AF asks Government to extend film tax break, stop online piracy


17 Nov 2011

Share on FacebookTweet about this on TwitterShare on LinkedInShare on Google+Pin on PinterestShare on RedditEmail this to someone

Share on FacebookTweet about this on TwitterShare on LinkedInShare on Google+Pin on PinterestShare on RedditEmail this to someone

The Audiovisual Federation (AF) has called on the Government to extend the film tax break until 2020 and to implement measures to protect the industry from online piracy.

The IBEC group which represents the film, television and animation sectors in Ireland, said that if the Government wants to achieve its plans to double the turnover of the audiovisual industry to €1bn, it will need to extend tax relief for film projects.

This is covered under section 481 of the Taxes Consolidation Act 1997. It aims to encourage investment into Irish-made films, which make a significant contribution to the Irish film industry by offering tax relief to the cost of production.

“The audiovisual sector has the potential to drive economic growth and job creation,” said AF director Torlach Denihan, speaking at a seminar on ‘Online business models and the content industry’ in the Alexander Hotel in Dublin.

“With the right support, we believe the sector can easily achieve the ambitious targets in the Government’s Creative Capital report to double the turnover of the Irish audiovisual industry from €500m to €1bn, double jobs from 5,000 to 10,000, and increase exports of Irish productions.

"It is essential that the Government continues funding the Irish Film Board and extend the film taxation incentive Section 481 until 2020, both critical measures for the ongoing development of the industry. The extension of Section 481 to 2020 would allow for greater certainty and commitment for inward investors,” said Denihan.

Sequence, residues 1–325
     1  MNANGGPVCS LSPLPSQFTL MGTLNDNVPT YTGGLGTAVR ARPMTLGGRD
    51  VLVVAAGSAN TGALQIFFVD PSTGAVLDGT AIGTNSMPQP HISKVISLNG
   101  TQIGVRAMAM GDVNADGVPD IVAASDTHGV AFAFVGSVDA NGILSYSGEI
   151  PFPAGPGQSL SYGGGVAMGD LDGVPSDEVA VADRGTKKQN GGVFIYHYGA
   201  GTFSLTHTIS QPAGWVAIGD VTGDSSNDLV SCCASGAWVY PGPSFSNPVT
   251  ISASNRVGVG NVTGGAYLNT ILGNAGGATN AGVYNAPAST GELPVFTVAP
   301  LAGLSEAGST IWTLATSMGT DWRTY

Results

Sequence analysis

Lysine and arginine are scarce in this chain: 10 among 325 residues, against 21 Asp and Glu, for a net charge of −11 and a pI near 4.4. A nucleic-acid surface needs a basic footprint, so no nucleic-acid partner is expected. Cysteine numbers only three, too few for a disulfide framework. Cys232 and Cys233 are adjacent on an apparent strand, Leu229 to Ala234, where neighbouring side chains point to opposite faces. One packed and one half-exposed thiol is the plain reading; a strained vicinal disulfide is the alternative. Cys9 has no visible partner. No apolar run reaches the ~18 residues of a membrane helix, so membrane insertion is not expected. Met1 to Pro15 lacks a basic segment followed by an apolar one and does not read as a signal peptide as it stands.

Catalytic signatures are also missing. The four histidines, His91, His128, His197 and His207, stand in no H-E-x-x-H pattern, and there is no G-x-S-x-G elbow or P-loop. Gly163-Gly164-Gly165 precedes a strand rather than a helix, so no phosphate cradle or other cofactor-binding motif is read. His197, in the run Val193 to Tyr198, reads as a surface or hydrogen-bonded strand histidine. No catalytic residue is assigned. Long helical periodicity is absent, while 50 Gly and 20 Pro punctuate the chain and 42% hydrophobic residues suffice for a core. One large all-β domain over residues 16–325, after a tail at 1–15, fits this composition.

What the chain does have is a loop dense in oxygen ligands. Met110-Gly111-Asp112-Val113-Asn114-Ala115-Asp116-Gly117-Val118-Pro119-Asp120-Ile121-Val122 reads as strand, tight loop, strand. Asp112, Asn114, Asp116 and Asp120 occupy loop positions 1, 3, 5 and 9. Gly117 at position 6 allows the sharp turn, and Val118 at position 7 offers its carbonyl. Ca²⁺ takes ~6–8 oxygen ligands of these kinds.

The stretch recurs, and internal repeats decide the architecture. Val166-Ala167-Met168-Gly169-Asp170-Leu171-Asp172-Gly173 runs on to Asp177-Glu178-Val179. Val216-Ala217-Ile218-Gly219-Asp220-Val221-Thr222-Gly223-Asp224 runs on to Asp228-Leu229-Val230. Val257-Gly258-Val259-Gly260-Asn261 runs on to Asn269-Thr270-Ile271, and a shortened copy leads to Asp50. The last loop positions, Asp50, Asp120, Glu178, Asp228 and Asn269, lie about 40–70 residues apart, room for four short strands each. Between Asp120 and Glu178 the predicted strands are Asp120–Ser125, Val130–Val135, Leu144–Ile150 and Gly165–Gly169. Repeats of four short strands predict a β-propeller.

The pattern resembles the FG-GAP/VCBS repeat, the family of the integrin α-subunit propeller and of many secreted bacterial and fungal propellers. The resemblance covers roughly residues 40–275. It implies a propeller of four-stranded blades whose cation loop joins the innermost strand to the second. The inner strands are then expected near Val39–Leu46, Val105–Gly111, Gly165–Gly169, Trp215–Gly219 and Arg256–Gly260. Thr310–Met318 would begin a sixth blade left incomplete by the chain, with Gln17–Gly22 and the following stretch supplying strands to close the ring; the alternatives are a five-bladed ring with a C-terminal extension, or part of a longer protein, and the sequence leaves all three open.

The AF has also called on the Government to put measures in place to protect the media industry from online piracy.

"The audiovisual sector is facing a number of challenges, ranging from shaping the role of the public service broadcaster in an era of new online platforms – smartphones, tablets and net books – to developing new business models that will monetise content,” said Andrew Lowe, Element Pictures director and AF chairperson.

“Companies are investigating new production funding models, advertising approaches and innovative partnerships between advertisers and production companies.

"However, piracy remains the greatest challenge for the industry with over 100,000 movies illegally downloaded each week.

“We need a speedy conclusion to the consultation process currently under way on aspects of copyright law by the Department of Jobs, Enterprise and Innovation. Industry needs a workable and robust solution. It is essential that the proposed Statutory Instrument on copyright infringement be implemented as a matter of priority,” he said.